FIG. 5 is a block diagram of selected modules in an example mobile device configured to select a location sensing modality.
  • [0010]
    FIG. 6 illustrates an example location sensing modality selection framework for implementation in modules and data of a mobile device and/or server(s).
  • [0011]
    FIG. 7 is a flowchart view of example operations of a location sensing modality selection process.
  • [0012]
    FIG. 8 is a flowchart view of example operations of a location estimation process.
  • [0013]
    FIG. 9 is a flowchart view of example operations of an accuracy constraint determination process.
  • DETAILED DESCRIPTION
  • [0014]
    This disclosure describes selection of location sensing modalities for a mobile device based on a function of the accuracy desired and the energy expense of using different location sensing modalities. Mobile devices are often equipped with many location sensing capabilities, such as GPS, Bluetooth™, WiFi, cellular, and so forth. Each of these have varying degrees of accuracy for locating the mobile device at a specific geographic location, and each of these consume varying levels of power. The techniques described below select location sensing modality corresponding to a location sensor that provides a sufficient degree of accuracy for locating the mobile device for a given context or application, while otherwise minimizing the energy consumed. Thus, for example, if an application generally needs to locate a mobile device within a few hundred feet, the system determines which of the possible location sensing modalities meets this requirement, and then, from among the available location sensing modalities, selects the location sensing modality which offers the best performance in terms of power conservation.
  • Example Architecture
  • [0015]
    FIG. 1 illustrates an example architecture 100 in which location sensing modality selection is implemented. As illustrated, the architecture includes one or more mobile devices 102 having applications capable of rendering user interfaces 104. The mobile devices 102 are also configured to communicate via wireless network(s) 106 with any or all of GPS satellites 108, cell towers 110, WiFi access points 112, and/or Bluetooth™ devices 114. The mobile devices 102 are further configured to communicate via wireless network(s) 106 with one or more server(s) 116.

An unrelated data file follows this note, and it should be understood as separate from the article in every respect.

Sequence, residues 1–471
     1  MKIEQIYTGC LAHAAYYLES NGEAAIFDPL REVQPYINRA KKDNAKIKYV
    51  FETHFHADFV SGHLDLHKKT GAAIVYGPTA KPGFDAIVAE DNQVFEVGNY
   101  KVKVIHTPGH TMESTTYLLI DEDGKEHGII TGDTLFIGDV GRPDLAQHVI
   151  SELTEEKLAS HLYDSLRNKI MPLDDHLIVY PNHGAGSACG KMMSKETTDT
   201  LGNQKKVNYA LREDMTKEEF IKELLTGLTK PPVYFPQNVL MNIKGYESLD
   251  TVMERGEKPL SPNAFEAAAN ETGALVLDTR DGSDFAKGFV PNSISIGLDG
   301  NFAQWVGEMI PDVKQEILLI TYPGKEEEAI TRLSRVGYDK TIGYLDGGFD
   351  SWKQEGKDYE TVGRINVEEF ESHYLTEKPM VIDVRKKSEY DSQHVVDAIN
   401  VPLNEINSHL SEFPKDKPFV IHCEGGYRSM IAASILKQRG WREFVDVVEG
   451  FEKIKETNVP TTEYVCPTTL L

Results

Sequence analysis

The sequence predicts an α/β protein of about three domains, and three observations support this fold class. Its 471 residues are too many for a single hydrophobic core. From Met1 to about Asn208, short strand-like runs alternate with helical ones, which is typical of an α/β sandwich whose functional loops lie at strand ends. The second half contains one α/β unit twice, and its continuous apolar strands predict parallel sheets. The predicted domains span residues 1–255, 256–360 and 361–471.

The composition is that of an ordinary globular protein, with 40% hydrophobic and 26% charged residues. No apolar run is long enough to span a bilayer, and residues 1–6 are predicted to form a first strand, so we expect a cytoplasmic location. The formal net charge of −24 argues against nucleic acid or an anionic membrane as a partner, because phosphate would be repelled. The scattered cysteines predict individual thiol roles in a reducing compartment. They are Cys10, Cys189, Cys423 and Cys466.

• [0016]
    In various embodiments, the mobile devices 102 are any sort of mobile devices known in the art, such as cellular phones, PDAs, media players, or laptops. The applications of the mobile devices 102 query the mobile devices 102 for their locations. The applications may then display those returned locations on one or more user interfaces 104 of the applications or use the location information to provide other services. In some embodiments, the differing applications and their user interfaces 104 may require differing degrees of accuracy for the locations of the mobile devices 102.
  • [0017]
    FIGS. 2-4, for example, show three application user interfaces 104 displaying the location of the mobile device 102. In FIG. 2, an application has a user interface 104 for displaying the location 202 of the mobile device 102 on a map in relation to nearby airports 204. Because there are unlikely to be many airports 204 in close proximity to each other, this application requires only an approximate mobile device location 202 (e.g., within a one mile radius). In FIG. 3, in contrast, another application has a user interface 104 for displaying the location 302 of the mobile device 102 on a map in relation to nearby Starbucks coffee shops 304 and 306. Because there are likely to be many Starbucks coffee shops 304/306 in close proximity to each other, the application requires a mobile device location 302 to be accurate within a few hundred meters. In FIG. 4, a social networking application has a user interface 104 for displaying the location 402 of the mobile device 102 on a map in relation to nearby social network friends 404, 406, and 408 of the mobile device user. The accuracy required by the social networking application varies from one moment in time to another based how close the locations 404-408 of the friends are to each other and to the mobile device 102. The determining of an accuracy requirement that varies with time and location is discussed further below.
  • [0018]
    In some embodiments, the actual mobile device location is the same, despite being shown as differing in FIGS. 2 and 4. The apparent difference in position of the mobile device 102 between FIGS. 2 and 4 is explained based on the location sensor selected to obtain the locations shown in those figures and on the differing accuracies of those location sensors.
  • [0019]
    Referring again to FIG. 1, to obtain mobile device locations meeting the required accuracies for applications, the mobile devices 102 select among a plurality of location sensing modalities associated with location sensors of the mobile devices 102. For example, a mobile device 102 may have four location sensors, each configured to obtain a location from one of the GPS satellites 108, the cell towers 110, the WiFi access points 112, and the Bluetooth™ devices 114. Each locations sensor is in turn associated with an accuracy and energy consumption characterization, both of which may vary from location to location.
  • [0020]